A: For 15 years, I served as the St. Jude principal investigator of trials that evaluated therapy regimens designed to reduce organ problems and second tumors in long-term survivors. Studying long-term health outcomes in children and adolescents with Hodgkin lymphoma grew into a broader interest in late treatment complications after childhood cancer. I became the Director of the St. Jude long-term follow-up program in 1993. It was a time when late effects like breast cancer and cardiovascular disease were becoming increasingly recognized and studied. I was intrigued that most of the adults treated at St. Jude for childhood cancer and their local physicians did not know about the links between childhood cancer and common late effects. These gaps in knowledge convinced me that educating survivors was essential. These survivors needed to know about their cancer history and health risks so they could advocate for their own health care needs.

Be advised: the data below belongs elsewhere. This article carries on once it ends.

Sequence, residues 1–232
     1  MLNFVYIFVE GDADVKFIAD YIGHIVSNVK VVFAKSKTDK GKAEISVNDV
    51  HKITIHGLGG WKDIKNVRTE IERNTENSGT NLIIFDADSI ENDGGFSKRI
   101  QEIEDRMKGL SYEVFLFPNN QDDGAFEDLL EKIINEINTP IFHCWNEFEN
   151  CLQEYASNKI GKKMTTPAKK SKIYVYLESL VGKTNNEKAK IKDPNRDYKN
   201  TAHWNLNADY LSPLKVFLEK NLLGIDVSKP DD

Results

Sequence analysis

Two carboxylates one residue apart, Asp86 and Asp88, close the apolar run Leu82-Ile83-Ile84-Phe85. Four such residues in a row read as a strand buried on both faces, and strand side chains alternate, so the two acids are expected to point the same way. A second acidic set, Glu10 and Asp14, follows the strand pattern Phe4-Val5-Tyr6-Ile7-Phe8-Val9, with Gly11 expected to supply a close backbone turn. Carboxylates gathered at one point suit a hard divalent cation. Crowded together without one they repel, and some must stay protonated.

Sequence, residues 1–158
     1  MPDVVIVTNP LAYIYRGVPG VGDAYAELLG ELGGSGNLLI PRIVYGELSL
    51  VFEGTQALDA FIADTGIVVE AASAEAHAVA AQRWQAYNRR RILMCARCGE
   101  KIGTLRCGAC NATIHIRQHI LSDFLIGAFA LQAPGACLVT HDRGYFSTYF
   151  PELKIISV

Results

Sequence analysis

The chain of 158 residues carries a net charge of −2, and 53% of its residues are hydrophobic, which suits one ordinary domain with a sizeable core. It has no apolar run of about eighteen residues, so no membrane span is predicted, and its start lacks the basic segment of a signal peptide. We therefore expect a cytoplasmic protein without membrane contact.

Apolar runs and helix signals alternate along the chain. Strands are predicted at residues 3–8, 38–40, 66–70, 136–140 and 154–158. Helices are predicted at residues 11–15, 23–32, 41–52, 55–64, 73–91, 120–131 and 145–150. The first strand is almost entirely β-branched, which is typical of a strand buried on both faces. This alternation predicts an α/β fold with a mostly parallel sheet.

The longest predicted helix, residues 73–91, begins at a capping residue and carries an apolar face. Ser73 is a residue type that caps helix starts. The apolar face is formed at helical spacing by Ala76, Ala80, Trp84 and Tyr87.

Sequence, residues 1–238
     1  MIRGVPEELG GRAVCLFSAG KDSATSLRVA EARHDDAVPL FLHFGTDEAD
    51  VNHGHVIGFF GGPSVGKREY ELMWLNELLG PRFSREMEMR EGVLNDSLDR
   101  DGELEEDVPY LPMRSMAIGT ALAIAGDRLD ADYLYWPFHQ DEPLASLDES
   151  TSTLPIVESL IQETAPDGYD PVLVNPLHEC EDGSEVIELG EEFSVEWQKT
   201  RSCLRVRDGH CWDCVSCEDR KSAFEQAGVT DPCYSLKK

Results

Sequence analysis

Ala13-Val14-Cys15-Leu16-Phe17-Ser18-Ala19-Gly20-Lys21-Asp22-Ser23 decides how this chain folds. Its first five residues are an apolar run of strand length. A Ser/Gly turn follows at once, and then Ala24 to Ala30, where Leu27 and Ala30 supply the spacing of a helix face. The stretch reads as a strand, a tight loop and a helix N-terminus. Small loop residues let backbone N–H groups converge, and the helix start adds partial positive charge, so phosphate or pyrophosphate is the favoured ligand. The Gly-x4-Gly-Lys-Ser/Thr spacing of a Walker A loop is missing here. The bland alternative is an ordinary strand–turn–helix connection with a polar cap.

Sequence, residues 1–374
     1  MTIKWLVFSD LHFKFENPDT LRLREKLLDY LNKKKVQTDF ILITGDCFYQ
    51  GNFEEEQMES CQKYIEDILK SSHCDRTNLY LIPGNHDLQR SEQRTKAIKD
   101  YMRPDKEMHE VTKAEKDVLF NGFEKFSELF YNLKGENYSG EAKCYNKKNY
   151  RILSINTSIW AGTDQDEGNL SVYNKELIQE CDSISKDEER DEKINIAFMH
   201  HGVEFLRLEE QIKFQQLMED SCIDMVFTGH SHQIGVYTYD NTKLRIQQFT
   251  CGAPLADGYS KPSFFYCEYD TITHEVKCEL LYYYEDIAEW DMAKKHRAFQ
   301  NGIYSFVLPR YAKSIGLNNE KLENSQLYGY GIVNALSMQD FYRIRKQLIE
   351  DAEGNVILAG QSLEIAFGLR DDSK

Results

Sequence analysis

It was during this time that I led an effort at St. Jude to begin screening our long-term survivors for health problems that had proven links to specific cancer treatments. These were our early efforts at risk-based screening. This means that we were reviewing specific aspects of a survivor’s health based on their treatment with a specific chemotherapy agent or radiation field and then assessing their risk of late effects. This initiative was eventually passed to our colleagues in the Children’s Oncology Group (COG) and was instrumental in the development of the Children’s Oncology Group Guidelines for Long-Term Follow-Up of Childhood, Adolescent and Young Adult Cancers. The COG Guidelines are one of the most comprehensive resources that cover the late effects associated with specific treatments for cancer in children. COG investigators monitor medical research about survivorship and regularly update the guidelines to make sure the screening recommendations are current.